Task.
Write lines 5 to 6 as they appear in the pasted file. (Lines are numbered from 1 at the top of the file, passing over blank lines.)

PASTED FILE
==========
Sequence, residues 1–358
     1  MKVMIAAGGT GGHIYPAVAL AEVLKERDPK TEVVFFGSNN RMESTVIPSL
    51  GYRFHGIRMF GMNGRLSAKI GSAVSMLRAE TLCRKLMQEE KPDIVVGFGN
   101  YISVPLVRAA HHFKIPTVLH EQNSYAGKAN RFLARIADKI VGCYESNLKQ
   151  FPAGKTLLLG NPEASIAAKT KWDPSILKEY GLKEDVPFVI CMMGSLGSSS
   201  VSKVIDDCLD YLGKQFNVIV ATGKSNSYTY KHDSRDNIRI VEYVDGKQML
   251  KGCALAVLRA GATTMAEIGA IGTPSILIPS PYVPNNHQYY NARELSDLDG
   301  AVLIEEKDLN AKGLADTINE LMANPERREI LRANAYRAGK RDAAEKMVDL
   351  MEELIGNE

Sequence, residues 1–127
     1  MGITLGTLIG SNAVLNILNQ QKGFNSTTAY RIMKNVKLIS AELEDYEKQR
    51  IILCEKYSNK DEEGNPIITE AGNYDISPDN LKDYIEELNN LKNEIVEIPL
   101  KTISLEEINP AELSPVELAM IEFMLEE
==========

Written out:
   151  FPAGKTLLLG NPEASIAAKT KWDPSILKEY GLKEDVPFVI CMMGSLGSSS
   201  VSKVIDDCLD YLGKQFNVIV ATGKSNSYTY KHDSRDNIRI VEYVDGKQML